As the Army looks to how cities fit into the future battlefield and recently announced the location of its Futures Command in Austin, Texas, researchers are also looking to existing smart cities to help improve current and future installations, protecting them as they become part of the long tail of warfare.

Home base, be it Fort Riley, Kansas or Camp Lejeune, North Carolina, are no longer removed from the war front.

“For the very first time our installations are part of the battlespace,” said Deputy Assistant Secretary of the Army for Installations Richard Kidd. “Installations are no longer sanctuaries.”


Kidd pointed to a recent event in which soldiers based in South Korea received false orders that looked like official documents. Episodes over the past year showed potential access to troops' fitness tracker devices by outside actors to track individual and unit movements in and around bases.

To meet the combined threats to installations and leverage ways in which new technologies can advance readiness, the U.S. Army’s Training and Doctrine Command recently focused its “Mad Scientist” initiative efforts with a look at installations.

Here are the top 10 takeaways from the June event, originally posted on the TRADOC G-2 Mad Scientist Initiative website, held at the Georgia Technology Research Institute, commonly know as Georgia Tech:

1. Threats and tensions

There is a “tension between openness and security” with the hyper-connectivity that smart cities and installations achieve through connected devices. The connectivity allows adversaries to target installations and “virtually project power.”

Some examples included personalized warfare, using personal information such as family data online, genome-specific attacks and “deepfake” tactics such as superimposing images or altering words spoken in publicly recorded addresses by leaders.

2. Exclusion vs. inclusion

Access to installations balances itself on protecting the people and materiel at a military installation by also keeping a flow of personnel and ideas, such as business and academic partnerships, and moving on and off both the virtual and physical installations.

3. Infrastructure sensorization

More sensors mean more risk for exploitation of the information that sensors collect. Commanders can hold table-top exercises to help build robust infrastructures that both allow for sensors to be used but also protect the networks that connect with sensors.

4. Army modernization challenge

While the Army attempts to modernize its equipment and training, it also has to maintain still-in-use legacy platforms and models. The same is true of installations, many of them decades or even a century old. The TRADOC initiative looks to public-private partnerships to modernize installations.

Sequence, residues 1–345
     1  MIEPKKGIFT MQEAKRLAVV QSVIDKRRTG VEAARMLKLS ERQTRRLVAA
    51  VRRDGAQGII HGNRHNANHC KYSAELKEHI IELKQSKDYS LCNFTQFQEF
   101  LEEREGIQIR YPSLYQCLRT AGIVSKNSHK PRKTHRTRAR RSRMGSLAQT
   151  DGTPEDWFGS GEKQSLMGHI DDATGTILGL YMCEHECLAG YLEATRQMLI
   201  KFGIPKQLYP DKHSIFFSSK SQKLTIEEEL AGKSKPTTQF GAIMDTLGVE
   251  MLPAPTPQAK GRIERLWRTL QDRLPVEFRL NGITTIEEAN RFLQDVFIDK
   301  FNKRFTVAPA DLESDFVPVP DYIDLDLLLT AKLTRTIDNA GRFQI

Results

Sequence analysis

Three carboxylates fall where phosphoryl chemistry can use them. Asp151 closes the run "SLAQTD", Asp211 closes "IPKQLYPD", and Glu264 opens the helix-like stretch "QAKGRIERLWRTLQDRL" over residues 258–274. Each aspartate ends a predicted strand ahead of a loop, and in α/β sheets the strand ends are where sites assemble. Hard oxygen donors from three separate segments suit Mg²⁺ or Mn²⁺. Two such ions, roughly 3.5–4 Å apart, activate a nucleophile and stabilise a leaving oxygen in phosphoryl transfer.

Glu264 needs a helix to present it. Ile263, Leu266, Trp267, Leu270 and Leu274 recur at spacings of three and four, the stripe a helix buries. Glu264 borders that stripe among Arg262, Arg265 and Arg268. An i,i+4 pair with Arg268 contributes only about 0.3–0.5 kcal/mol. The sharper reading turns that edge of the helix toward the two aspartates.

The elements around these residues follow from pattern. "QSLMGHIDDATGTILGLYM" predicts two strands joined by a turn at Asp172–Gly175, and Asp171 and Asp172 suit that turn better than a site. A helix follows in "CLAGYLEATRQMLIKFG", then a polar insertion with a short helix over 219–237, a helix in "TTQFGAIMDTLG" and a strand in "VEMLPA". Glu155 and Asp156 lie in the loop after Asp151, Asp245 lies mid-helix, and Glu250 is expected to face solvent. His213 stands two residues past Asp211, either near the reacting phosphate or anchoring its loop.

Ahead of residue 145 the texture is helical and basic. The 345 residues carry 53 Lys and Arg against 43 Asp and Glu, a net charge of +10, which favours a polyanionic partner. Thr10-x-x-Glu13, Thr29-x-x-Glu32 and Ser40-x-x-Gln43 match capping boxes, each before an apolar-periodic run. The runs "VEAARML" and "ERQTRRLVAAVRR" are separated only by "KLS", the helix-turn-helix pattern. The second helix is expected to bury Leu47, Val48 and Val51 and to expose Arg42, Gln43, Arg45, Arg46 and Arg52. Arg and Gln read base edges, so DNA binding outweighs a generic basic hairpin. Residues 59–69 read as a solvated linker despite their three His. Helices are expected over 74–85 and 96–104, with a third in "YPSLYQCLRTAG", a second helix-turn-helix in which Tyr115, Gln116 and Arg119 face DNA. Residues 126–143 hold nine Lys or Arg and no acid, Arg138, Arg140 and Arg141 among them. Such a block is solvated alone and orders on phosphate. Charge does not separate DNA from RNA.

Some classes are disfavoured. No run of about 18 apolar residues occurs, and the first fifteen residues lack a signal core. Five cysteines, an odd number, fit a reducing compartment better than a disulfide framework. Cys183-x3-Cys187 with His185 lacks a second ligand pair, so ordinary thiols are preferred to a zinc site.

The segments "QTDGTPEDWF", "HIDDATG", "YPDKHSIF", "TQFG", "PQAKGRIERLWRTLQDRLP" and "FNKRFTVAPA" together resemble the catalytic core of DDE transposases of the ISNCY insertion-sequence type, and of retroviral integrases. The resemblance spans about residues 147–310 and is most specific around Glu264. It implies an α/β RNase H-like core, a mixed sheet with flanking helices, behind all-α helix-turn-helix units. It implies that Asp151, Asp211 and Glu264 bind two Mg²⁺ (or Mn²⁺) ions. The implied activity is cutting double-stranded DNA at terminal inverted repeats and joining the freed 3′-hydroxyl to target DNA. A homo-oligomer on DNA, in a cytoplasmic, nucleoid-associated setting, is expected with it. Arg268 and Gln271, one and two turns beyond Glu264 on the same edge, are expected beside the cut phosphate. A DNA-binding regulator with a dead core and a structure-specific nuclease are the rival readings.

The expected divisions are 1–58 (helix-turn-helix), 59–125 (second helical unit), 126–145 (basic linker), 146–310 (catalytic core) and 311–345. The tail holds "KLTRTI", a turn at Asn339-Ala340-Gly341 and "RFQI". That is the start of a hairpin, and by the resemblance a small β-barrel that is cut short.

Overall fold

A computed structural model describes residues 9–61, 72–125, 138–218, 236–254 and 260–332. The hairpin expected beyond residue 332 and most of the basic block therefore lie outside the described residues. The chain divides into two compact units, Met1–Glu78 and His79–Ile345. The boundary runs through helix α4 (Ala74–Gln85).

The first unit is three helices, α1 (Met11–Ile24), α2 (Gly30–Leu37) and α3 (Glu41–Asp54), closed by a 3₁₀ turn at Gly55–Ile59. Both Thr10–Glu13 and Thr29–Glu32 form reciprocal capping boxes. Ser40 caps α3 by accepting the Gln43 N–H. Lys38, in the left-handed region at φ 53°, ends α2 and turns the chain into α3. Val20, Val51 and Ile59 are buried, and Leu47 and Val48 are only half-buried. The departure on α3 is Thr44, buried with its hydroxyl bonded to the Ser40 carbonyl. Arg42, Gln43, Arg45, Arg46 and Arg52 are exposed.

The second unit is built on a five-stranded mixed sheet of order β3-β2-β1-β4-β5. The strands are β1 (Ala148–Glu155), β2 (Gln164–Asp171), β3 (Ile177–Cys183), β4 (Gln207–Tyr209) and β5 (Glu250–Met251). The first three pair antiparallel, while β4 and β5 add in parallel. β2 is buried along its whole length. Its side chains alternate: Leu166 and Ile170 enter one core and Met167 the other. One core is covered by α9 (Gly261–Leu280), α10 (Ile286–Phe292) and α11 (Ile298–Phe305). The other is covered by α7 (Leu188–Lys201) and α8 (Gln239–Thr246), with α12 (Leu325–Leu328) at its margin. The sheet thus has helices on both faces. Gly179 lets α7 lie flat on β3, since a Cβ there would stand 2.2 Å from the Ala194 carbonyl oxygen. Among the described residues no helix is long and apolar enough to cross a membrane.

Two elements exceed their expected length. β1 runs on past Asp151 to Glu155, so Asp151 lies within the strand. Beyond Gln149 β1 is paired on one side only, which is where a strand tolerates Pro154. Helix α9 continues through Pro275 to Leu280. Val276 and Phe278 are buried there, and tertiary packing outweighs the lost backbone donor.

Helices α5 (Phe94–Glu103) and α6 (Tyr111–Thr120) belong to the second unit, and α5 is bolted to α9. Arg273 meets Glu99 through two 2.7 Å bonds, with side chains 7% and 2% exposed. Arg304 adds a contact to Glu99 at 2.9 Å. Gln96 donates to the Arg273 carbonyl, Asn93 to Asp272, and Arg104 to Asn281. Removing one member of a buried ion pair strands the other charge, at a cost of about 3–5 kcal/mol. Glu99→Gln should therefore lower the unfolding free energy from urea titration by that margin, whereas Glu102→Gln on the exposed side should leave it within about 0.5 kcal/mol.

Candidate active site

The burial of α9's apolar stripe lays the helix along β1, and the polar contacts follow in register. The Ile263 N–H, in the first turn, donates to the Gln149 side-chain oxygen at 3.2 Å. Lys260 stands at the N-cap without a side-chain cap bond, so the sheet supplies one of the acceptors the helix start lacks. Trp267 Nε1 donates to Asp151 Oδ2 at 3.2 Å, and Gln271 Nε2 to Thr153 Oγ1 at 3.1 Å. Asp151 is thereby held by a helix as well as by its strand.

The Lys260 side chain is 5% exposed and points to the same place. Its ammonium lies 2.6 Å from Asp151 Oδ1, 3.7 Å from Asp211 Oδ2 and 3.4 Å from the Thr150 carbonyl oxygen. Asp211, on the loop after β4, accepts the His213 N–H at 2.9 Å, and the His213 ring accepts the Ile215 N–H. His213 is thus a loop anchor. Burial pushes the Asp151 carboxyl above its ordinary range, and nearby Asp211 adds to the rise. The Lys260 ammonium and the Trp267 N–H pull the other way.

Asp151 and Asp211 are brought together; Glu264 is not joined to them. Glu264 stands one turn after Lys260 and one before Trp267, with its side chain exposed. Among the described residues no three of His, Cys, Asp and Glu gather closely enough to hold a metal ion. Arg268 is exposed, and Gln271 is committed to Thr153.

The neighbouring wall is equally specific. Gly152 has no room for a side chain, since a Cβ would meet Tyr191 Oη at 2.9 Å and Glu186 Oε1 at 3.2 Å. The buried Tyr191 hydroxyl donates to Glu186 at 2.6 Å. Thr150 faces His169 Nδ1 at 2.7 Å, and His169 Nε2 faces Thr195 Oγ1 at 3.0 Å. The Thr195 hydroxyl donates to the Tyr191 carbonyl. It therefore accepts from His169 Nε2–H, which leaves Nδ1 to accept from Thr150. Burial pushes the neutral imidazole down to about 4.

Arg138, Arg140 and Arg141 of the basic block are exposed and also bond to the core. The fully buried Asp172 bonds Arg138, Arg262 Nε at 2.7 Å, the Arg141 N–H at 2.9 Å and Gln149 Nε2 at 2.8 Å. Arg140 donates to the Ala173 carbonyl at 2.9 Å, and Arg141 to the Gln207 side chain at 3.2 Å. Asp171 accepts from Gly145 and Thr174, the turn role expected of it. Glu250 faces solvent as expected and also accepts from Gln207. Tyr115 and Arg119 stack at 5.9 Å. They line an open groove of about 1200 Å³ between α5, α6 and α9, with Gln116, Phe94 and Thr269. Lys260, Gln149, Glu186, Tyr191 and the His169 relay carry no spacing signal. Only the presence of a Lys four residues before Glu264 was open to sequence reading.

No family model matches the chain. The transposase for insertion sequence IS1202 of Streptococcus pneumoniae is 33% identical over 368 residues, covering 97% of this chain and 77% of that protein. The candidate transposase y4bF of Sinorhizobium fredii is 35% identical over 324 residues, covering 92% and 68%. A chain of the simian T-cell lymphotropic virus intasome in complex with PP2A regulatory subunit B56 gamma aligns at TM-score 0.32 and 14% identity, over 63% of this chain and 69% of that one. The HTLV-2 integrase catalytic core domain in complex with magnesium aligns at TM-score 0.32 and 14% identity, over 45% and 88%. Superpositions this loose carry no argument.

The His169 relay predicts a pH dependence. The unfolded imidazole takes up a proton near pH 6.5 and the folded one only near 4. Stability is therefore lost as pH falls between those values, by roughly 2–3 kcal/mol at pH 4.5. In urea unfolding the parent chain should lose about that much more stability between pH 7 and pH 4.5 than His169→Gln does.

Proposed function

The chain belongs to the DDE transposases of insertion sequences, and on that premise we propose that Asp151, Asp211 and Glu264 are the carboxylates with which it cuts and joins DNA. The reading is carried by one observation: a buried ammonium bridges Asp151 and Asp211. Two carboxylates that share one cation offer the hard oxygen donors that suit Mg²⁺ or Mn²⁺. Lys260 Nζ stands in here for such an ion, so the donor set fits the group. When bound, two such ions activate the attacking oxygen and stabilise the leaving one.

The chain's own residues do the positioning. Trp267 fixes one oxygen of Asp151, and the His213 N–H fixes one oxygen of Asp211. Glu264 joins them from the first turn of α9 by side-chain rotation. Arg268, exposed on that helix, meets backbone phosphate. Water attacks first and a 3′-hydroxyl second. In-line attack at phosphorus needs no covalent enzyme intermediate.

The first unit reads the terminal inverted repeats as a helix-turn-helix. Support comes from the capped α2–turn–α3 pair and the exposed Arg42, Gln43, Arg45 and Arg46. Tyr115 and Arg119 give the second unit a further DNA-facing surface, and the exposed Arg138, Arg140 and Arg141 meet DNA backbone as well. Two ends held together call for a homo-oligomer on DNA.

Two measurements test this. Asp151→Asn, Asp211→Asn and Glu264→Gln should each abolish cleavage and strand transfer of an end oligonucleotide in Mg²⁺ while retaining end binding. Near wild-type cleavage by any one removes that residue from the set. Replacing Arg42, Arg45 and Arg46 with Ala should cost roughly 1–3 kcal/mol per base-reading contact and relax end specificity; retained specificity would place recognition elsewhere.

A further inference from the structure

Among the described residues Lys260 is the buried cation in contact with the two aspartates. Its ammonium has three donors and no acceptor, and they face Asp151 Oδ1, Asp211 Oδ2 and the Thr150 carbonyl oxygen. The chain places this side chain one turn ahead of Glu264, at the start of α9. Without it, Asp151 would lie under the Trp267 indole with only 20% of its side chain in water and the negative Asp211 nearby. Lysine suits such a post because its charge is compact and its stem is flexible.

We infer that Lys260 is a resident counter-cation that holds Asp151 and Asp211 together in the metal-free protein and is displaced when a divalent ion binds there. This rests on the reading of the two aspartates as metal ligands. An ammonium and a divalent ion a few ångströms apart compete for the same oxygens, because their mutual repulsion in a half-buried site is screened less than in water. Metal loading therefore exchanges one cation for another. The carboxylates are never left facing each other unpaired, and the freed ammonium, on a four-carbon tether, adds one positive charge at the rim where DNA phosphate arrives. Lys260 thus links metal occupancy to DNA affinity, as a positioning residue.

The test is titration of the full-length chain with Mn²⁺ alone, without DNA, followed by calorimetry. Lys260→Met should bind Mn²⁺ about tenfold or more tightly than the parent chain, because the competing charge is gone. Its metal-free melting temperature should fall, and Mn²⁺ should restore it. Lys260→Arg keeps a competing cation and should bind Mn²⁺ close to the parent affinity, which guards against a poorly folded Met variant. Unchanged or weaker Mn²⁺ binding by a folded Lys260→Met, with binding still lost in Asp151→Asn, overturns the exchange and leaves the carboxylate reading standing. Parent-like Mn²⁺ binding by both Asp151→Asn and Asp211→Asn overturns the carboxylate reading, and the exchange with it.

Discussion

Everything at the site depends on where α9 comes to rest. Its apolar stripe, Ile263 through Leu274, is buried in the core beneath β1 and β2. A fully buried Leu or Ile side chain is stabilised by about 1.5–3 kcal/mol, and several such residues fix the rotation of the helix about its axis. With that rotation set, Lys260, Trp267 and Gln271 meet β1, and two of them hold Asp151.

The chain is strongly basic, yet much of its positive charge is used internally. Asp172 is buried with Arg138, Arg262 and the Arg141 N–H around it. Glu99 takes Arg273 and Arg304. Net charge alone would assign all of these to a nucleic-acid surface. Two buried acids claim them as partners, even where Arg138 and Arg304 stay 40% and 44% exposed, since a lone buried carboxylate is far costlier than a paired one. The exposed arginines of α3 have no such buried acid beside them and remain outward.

5. Technology is outpacing regulations and policy

Sensors and analytics can improve security but also raise questions about privacy. Think security cameras and traffic cameras.

Researchers with the TRADOC initiative have studied an ongoing drone support concept being used in Louisville, Kentucky to help detect gunshots as one way sensors and analytics combined can improve safety.

6. Synthetic training environment

Future installations will see fewer “brick and mortar” buildings and more virtual environments, especially for training. Training areas, confined by cost, and space and time for usage, are increasingly seen as starting first in the virtual world, especially with improving gaming, virtual reality and augmented reality capabilities coming online.

7. Security technologies

Tech oriented toward security, from drones to facial recognition and even artificial intelligence, will fuse information and improved Intelligence Surveillance and Reconnaissance capabilities used in the field and overseas. Researchers noted that China leads the world in this arena.

8. Virtual prototyping

Using virtual systems in a computational test bed to assess new equipment and systems through trials is a way in which the Army’s Engineer Research and Development Center is measuring and planning for future, long-term Army advancements.

Some of those items being explored include: force projection, resilient installations working with community partners, warfighter readiness and cost effectiveness.

9. Standard approach to smart installations

Army leaders want to develop a “common suite of tools” to integrate smart tech into installations. Researchers noted that a method to rapidly pilot prototypes to help leaders decide whether and how to scale technologies across Army installations is needed.

10. Low-hanging fruit

Leveraging early 5G infrastructure at installations with community, academic and industry partnerships can help Army leaders better identify fixes that are readily available to existing problems.